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How Healthy Are the IoT Devices of Healthcare?

The Internet of Things (IoT) is becoming an integral component of everyday life – whether we know (and like) it or not. Most industries have adopted IoT technologies thanks to the many benefits they provide for enterprises and consumers. Healthcare is no exception, with nearly 80 percent of healthcare providers adopting IoT, according to Gartner. IoT in this industry, also known as the Internet of Medical Things (IoMT), often carries out vital tasks that are fundamental to a patient’s health and wellbeing. Any disruptions or breakdowns to a device’s operability can have noticeable and even fatal consequences; hence, IoMT vulnerabilities must be accounted for and managed. Moreover, the interconnectedness of Industry 4.0 means that even seemingly innocuous IoT devices – such as HVACs and smart cameras – pose a risk to the critical environment of healthcare delivery organizations (HDOs).

IoT (and IoMTs) devices are vulnerable by nature. More than 50 percent of IoT and IoMT devices contain critical vulnerabilities, and these highly-accessible devices often lack necessary built-in security measures – a recipe for disaster. Additionally, IoT devices are sought after by malicious actors thanks to their access to and collection of data (with Protected Healthcare Information (PHI) having the most monetary value), as well as their connectivity. Combining the high-stake healthcare environment with the high-risk nature of IoT devices means security is imperative. Yet, despite widespread knowledge of the risks associated with IoT devices, security in this domain remains weak and rudimentary, and, in 2021, IoT security projects dropped by an alarming 16 percent.

Layer 2: Limited Visibility Means Weak Authentication

IoT security begins with device authentication to ensure network access is granted only to those with authorization. IoT devices are non-802.1x compliant, meaning this authentication protocol is unsuitable. Alternative authentication protocols exist, such as MACsec and MAB, both of which rely on a device’s MAC address for authentication, using Layer 2 data packets to identify this indicator. However, a MAC address database must be created and maintained; more importantly, MAC addresses easily get spoofed, and some devices don’t even have a MAC address, thus rendering MACsec and MAB weak authentication protocols. In turn, IoT devices might get erroneously authenticated or bypass authentication altogether, subsequently gaining network access and putting the entity at serious risk. Ultimately, the weak spot in these protocols is visibility; Layer 2 data is insufficient in identifying IoT devices, and one of the greatest concerns for HDOs is that they lack the visibility to properly authenticate IoT devices.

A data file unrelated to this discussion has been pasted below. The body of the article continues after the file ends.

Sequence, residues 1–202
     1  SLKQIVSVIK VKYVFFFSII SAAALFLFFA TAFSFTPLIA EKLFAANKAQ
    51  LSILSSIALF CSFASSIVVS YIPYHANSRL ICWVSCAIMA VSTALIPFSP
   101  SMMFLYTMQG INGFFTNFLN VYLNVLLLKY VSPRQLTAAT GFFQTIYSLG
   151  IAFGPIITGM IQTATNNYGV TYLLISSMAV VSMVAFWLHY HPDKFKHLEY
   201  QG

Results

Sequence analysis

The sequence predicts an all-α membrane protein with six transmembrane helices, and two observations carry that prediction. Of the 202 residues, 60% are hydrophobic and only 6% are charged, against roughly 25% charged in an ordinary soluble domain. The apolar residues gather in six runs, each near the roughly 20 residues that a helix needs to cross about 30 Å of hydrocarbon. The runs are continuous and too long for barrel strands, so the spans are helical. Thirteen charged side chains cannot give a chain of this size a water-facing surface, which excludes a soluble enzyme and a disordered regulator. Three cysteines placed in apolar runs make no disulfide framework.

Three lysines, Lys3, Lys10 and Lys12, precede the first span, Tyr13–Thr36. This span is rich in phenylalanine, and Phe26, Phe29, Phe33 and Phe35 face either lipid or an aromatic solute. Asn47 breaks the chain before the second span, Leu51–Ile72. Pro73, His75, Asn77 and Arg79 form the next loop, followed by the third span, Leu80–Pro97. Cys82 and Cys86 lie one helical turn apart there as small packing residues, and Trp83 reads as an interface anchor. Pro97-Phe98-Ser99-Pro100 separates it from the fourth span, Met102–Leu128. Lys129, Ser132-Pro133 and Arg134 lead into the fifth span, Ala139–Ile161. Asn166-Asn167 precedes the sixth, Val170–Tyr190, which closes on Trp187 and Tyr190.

Layer 1 Device Security: Securing Starts with Seeing

Complete visibility and, in turn, reliable authentication of IoT devices requires Physical Layer (Layer 1 device security) data. Rather than relying on traffic monitoring, Layer 1 data signals, such as noise level, voltage, signal timing, current, and more, offer greater and deeper insights into device characteristics for accurate identification. Unlike a MAC address, Layer 1 indicators cannot get changed, nor can devices hide by operating passively or out-of-band. Further, such visibility enables the detection of abnormalities in device behavior, which could indicate device manipulation. With complete visibility into IoT devices, HDOs can be sure that device authentication is accurate and reliable and that subsequent authorization processes are, too. With enhanced device authentication and authorization, risks posed by IoT devices to the healthcare environment get minimized as unauthorized devices do not gain network access, and those which are authorized get properly managed and controlled.


The interconnectedness of IoT devices means just one exploited vulnerability can cause significant disruptions to healthcare operations – and when human lives are at stake, the risk is too high to take. The only way to secure IoT devices and minimize their threat to the healthcare environment is to control their network access, whether that means blocking a device or restricting and heavily monitoring its access. Such control begins with authentication and relies on complete visibility, which can only be achieved when going all the way down to Layer 1.

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